Volstead Public House in Downtown Mesa Is a Prohibition-Themed Coffee Shop, Vegan Restaurant, and Bar

The owners of Volstead Public House, Felina Ivey and Michelle Donovan, have fashioned a Prohibition-themed coffee house and kitchen located next to the historic Nile Theater.EXPAND
The owners of Volstead Public House, Felina Ivey and Michelle Donovan, have fashioned a Prohibition-themed coffee house and kitchen located next to the historic Nile Theater.
Jenna Duncan

Part coffee shop, part kitchen and bar, Volstead Public House has set a busy pace since opening last summer, inventing signature coffee drinks and cocktails and trying new menu items to entice patrons to hang out a little longer in downtown Mesa. The coffee house and restaurant is located in the space formerly occupied by LoFi Coffee, in the front of the historic Nile Theater. 

Owners Michelle Donovan and Felina Ivey opened Volstead in August. Donovan also owns and operates Mantooth Group, the business that runs concerts and concessions in the Nile Theater. There's an additional bar instead the theater, separate from the coffee shop and restaurant, and Volstead also has a sister cafe, FiftyOne West, located at 51 West Southern Avenue in Tempe.

Donovan explains the name of the coffee shop/restaurant is a reference to the Volstead Act, which became law in October 1919. This act first codified Prohibition and ultimately led to the passage of the 18th Amendment. All of this went down around the same time the Nile Theater was slated to open in 1924, Donovan says. And in keeping with the theme, Volstead Public House emulates the feel of an old-timey bar, with vintage-looking furniture, a giant plush red velvet sofa, large exposed light bulbs, and other 1920s-era decor.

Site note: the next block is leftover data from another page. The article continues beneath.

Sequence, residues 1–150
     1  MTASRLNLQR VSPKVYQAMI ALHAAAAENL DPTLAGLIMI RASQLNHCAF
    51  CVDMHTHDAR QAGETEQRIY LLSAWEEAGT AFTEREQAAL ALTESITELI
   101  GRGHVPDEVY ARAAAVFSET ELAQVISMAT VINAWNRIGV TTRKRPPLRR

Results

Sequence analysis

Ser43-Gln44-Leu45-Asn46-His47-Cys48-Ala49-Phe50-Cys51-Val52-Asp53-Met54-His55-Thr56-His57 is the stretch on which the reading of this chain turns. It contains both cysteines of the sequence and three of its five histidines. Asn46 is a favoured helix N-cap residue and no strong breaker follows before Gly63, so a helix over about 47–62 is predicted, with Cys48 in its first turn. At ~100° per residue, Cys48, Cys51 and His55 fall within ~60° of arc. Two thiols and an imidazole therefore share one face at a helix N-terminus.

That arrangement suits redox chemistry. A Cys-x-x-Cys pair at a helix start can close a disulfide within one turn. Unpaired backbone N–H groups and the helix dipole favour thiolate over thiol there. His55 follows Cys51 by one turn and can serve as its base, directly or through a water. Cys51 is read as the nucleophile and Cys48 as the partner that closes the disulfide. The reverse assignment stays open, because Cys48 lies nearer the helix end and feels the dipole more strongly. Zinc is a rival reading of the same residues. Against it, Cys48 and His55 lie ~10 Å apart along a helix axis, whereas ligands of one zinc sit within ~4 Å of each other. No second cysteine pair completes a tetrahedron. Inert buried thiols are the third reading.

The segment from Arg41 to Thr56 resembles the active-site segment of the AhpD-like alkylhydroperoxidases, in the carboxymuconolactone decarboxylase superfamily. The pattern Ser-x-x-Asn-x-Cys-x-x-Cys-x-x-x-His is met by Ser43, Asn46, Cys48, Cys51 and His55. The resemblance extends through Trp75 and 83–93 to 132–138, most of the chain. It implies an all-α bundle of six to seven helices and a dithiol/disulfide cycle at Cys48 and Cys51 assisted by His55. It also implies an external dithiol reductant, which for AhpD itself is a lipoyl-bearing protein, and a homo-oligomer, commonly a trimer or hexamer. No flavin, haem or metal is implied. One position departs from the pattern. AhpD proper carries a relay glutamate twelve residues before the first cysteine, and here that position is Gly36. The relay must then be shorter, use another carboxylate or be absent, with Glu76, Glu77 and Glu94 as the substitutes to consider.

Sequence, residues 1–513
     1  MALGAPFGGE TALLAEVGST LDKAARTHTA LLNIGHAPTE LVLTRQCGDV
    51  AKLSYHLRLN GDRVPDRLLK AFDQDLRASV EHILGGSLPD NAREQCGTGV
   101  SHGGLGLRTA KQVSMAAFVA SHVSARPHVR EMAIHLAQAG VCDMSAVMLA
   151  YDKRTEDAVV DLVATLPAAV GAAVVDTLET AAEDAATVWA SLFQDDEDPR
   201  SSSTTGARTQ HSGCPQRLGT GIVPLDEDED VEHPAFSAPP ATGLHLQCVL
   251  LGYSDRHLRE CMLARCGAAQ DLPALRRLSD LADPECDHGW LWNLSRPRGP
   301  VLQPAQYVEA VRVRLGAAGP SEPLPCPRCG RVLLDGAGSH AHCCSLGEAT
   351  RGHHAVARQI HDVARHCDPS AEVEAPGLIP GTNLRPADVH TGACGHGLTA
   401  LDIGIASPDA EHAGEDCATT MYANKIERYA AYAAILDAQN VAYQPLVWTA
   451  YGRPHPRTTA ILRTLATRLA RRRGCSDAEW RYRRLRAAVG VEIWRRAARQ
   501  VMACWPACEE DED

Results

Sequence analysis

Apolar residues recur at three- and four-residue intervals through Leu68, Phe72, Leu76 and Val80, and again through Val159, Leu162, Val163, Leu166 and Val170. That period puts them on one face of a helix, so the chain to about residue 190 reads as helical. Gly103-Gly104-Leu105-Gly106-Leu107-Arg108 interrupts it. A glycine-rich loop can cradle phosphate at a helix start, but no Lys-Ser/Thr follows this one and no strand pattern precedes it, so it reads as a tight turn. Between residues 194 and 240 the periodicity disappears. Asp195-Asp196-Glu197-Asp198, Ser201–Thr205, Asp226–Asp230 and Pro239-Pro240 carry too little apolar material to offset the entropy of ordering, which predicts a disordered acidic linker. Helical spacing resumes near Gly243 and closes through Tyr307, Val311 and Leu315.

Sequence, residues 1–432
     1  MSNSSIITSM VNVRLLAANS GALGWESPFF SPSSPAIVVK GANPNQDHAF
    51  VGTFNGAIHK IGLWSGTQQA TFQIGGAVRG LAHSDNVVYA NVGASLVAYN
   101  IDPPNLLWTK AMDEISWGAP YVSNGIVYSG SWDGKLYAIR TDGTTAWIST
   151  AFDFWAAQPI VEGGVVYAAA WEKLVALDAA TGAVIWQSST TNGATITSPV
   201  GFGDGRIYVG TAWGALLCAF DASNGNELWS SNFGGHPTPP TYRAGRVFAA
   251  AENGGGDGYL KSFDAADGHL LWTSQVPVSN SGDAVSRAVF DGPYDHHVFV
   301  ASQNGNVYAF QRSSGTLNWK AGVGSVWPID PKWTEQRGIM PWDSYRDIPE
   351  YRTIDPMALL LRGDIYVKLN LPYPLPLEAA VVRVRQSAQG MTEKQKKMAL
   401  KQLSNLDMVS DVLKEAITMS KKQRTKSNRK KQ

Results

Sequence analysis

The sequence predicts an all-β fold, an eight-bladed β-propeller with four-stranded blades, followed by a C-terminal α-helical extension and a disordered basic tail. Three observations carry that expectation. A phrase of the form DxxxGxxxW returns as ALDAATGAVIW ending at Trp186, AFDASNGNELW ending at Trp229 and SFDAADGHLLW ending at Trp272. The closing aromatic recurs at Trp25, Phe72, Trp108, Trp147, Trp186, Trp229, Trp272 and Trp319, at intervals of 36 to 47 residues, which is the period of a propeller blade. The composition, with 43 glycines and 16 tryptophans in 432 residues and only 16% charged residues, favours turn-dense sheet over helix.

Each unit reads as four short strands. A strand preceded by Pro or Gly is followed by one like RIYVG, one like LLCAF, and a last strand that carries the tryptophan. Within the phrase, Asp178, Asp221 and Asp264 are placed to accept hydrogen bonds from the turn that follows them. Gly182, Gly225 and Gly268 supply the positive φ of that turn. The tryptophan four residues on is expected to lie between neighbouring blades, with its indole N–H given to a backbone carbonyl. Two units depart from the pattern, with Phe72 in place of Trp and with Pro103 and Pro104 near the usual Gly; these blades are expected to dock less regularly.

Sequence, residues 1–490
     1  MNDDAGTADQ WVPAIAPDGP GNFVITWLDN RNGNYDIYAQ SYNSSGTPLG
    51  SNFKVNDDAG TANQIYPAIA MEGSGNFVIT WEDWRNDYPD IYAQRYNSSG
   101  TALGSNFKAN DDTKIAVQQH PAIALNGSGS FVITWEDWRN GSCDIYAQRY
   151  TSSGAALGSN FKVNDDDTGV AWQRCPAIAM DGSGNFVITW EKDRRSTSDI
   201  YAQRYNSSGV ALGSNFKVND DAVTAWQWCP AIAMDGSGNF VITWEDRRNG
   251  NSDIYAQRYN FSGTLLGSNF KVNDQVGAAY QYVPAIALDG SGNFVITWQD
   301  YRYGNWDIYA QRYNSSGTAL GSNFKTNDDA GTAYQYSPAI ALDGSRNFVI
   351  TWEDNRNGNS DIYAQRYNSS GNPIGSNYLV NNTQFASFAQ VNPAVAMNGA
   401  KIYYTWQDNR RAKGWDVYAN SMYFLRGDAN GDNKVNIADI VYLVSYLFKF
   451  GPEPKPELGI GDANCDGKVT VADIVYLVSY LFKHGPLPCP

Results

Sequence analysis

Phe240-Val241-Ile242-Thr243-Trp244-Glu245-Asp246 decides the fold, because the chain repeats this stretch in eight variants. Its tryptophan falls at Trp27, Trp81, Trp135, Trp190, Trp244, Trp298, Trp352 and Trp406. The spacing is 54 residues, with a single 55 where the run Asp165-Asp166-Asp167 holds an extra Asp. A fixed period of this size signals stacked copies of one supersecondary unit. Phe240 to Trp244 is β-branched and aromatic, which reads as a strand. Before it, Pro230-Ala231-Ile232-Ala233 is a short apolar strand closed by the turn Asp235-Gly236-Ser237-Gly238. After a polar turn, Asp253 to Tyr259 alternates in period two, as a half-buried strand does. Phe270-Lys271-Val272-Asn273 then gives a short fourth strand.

“We repainted everything. It’s all-new furniture and all our own machine,” Donovan says. 

From a small grill, the owners produce specialty sandwiches and serve salads. On Saturdays, they also serve a unique brunch of vegan soul food, featuring fried chicken and waffles (the "chicken" is made with soy-based meat substitute), mac ’n’ cheese, fried okra, and other greens. Brunch items range from $5 to $8.95.

“We not only use plant-based [ingredients], but we try to [source] as much locally as we can,” Ivey says. “And everything we serve is made in-house. We make our own pesto; our soups are all house-made.” Volstead also brings in bread from Proof Bakery, now located in Chandler. The shop serves coffee from Passport, a local roaster in Scottsdale.

Volstead also offers a rotating list of signature cocktails, which the owners say they try to refresh each season. One of the bar's original signature drinks is a take on a gin gimlet. Another drink, called the Cable Car ($6), features the coffee shop’s Nitro cold brew coffee with vanilla vodka and cream — imagine something a bit like a fancy, flavored latte for adults.

Volstead recently launched karaoke Fridays, and though they say they aren’t sure they’ve seen much of a difference in traffic due to the light rail expansion, they do hope that having a kitchen and coffee shop that’s open late might attract and keep patrons hanging out in Mesa. 

“We are trying to be a reason to come to Mesa,” Donovan says. 

The small bar tucked into the corner of Volstead Public House in Mesa.EXPAND
The small bar tucked into the corner of Volstead Public House in Mesa.
Jenna Duncan

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